The legend of Robin Hood is one of those stories that gets a new retelling for each generation. Robin Hood (2010), from director Ridley Scott and screenwriter Brian Helgeland, stars Russell Crowe in a new origin story for the familiar myth.
This one reimagines him not as Robin of Loxley but Robin Longstride, a war-weary soldier home from the crusades. He’s not a nobleman at all but a peasant archer thrust into leadership when King Richard is slain and he’s entrusted to bring the crown back to England and the ancestral sword of Robin of Loxley back to his father.
When he arrives in Nottingham with fellow soldiers Little John (Kevin Durand), Will Scarlet (Scott Grimes), and Alan A’dale (Alan Doyle), where taxes are crippling the populace and the Sheriff (Matthew Macfadyen) is pompous tyrant, he’s asked by Loxley’s father (the great Max von Sydow) to pose as the nobleman and save the family estate from going to the crown. Marion (Cate Blanchett), the strong, independent lady of the estate, isn’t thrilled with the arrangement (especially with a peasant posing as her husband) but, as land cannot be passed to wives or daughters in this medieval culture, she reluctantly agrees.
Scott and Helgeland offer an interesting take on both the legend of Robin Hood and the history of 12th century England. This Robin is a working man who has served as a soldier and possibly, in desperate times, as a thief, simply trying to survive a brutal time, but he rises to the occasion when a leader is needed. The band of outlaws that form around Robin see a chance to take back what has been taken from them—not just by the Crown but by the Church as well—and follow his lead with the spirit of men finally fighting back. And the newly crowned King John (Oscar Isaac) is less a villain than simply a lousy king, a vain, decadent aristocrat who wants the privileges of power without the responsibilities.
This Robin Hood is an origin story for the familiar myth with elements of class, royal politics, and the disillusionment of soldiers returning from the Crusades demoralized by a misguided quest. It presents an adult relationship between Robin and Marion and reimagines the bonding of soldiers-in-arms into Robin’s band of Merry Men. And Scott has a muscular approach to action with broadswords and bows and heavy armor. The battles are impressive and finale is beautifully shot, but there is nothing noble or glorious in warfare.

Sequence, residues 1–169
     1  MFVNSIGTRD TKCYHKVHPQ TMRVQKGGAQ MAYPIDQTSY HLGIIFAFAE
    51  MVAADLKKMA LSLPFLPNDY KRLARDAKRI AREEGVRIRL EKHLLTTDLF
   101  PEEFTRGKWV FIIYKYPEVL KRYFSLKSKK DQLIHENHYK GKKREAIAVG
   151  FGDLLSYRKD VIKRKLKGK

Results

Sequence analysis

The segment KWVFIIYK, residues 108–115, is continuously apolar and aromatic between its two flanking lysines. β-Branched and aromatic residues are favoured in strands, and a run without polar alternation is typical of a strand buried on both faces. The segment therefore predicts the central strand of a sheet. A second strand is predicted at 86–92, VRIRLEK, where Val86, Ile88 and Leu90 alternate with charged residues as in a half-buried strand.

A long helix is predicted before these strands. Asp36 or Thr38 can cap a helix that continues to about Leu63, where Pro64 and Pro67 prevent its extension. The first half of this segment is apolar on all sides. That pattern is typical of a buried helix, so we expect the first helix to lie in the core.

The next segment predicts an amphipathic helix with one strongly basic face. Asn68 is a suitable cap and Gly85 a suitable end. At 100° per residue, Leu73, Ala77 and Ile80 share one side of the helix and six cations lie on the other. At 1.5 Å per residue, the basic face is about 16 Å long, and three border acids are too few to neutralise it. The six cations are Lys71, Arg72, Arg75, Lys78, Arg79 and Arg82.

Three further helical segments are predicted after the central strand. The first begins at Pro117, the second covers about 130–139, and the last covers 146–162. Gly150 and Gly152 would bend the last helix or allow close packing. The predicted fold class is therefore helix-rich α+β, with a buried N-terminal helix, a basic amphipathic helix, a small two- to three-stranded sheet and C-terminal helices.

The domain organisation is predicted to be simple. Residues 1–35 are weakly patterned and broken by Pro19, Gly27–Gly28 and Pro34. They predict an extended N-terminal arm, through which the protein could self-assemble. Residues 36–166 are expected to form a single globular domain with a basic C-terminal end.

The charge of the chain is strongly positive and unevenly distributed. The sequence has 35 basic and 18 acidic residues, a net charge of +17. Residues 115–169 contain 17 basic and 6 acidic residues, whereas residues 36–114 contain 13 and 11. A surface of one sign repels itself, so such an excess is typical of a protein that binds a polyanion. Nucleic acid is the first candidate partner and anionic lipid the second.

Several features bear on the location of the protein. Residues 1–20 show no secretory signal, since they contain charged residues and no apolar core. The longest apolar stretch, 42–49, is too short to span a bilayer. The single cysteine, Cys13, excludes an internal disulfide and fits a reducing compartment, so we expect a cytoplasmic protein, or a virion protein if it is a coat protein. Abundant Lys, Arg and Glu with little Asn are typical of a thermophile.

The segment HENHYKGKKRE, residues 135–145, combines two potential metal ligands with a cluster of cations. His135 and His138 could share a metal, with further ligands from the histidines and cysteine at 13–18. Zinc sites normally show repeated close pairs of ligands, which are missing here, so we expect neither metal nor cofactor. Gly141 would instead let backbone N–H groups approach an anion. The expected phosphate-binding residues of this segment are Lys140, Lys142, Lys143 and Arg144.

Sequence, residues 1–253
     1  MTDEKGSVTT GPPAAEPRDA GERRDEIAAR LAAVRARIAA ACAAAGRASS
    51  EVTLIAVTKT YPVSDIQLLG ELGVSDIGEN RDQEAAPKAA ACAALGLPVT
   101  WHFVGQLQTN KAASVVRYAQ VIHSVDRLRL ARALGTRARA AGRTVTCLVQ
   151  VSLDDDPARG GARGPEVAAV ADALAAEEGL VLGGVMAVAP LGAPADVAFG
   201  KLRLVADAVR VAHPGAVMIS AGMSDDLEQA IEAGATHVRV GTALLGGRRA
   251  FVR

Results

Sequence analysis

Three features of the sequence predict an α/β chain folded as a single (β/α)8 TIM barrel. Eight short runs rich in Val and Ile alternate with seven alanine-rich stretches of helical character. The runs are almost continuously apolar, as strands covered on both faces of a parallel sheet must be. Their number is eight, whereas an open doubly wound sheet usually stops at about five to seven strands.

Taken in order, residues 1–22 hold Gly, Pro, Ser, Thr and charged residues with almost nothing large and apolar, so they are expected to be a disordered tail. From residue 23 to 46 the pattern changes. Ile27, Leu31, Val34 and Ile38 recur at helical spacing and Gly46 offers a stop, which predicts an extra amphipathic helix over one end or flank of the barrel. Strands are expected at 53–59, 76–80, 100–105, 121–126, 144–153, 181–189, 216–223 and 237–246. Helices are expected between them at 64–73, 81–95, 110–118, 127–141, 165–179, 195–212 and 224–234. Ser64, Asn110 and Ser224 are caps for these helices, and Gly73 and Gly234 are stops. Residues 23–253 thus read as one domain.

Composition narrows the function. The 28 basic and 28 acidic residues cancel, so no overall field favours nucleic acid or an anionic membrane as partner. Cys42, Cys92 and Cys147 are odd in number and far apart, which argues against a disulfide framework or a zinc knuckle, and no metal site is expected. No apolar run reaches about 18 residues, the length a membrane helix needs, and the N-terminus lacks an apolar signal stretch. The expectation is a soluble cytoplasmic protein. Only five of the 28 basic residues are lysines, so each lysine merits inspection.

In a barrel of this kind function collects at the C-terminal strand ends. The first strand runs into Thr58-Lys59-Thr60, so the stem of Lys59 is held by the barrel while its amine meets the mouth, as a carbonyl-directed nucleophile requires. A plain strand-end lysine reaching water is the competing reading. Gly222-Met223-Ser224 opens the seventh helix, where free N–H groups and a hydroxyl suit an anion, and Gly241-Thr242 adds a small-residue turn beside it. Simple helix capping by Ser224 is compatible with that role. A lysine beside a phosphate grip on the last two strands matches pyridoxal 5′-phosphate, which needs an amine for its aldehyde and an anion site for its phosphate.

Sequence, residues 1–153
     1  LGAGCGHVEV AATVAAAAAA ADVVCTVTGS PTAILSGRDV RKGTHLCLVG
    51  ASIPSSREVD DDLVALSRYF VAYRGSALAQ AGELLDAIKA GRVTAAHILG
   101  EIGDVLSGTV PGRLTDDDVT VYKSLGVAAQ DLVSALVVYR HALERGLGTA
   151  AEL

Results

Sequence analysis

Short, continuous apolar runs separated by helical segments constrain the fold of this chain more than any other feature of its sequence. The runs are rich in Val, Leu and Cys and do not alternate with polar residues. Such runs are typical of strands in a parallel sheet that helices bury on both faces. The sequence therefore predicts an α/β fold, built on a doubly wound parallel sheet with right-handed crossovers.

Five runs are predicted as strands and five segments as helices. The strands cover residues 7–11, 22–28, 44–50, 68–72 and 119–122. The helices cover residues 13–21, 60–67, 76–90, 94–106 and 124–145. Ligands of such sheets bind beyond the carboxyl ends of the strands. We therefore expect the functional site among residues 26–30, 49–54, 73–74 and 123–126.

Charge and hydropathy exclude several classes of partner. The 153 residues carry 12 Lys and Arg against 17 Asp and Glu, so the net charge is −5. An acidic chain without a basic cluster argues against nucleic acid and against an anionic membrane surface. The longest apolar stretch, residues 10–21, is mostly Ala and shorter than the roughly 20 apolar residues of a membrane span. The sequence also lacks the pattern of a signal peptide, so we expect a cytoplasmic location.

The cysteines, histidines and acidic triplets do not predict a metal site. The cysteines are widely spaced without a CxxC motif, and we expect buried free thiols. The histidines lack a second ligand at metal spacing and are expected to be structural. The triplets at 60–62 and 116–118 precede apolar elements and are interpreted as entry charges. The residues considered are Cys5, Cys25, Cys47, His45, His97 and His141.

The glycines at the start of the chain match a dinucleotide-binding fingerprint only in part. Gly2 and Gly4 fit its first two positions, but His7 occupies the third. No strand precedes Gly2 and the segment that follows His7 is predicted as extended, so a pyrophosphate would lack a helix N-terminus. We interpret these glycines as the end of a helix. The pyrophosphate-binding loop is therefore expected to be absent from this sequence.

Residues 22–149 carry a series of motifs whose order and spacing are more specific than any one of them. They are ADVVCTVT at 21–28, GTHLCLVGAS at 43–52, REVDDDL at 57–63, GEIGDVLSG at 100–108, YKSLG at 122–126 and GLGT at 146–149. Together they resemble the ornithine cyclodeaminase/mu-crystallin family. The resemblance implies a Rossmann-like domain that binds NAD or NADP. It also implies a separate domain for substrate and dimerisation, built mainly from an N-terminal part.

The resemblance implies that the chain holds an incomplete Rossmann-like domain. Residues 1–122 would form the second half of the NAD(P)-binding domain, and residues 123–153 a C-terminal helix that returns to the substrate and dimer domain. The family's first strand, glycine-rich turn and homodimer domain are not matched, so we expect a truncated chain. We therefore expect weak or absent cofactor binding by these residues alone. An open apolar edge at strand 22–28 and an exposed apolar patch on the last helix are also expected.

It can get a little ponderous at times and it’s more interesting than thrilling. But in its own way, this Robin Hood offers a romantic narrative of heroism in a time of corruption and hardship, a man of the people who finds that the only path to justice is by becoming an outlaw.
Danny Huston plays King Richard The Lionheart, Mark Addy is Friar Tuck, and William Hurt, Mark Strong, Eileen Atkins, Douglas Hodge, and Léa Seydoux costar.
On Blu-ray and DVD and on SVOD through Amazon Video (also in a longer, unrated Director’s Cut), iTunes, GooglePlay, Vudu and/or other services. Availability may vary by service.
Robin Hood (2010) [Blu-ray]
Robin Hood (2010) [DVD]
The Blu-ray and DVD feature both the theatrical version and a Director’s Cut that runs 15 minutes longer. The 2-Disc Special Edition DVD has the well-made and very thorough 62-minute “Rise and Rise Again: Making Ridley Scott’s Robin Hood,” plus ten deleted scenes with an introduction and optional commentary by editor Pietro Scalia. Exclusive to the 3-disc Blu-ray Combo Pack is the “Director’s Notebook” mode, with short production featurettes periodically interrupting the film (theatrical cut only) with video commentary and illustrations.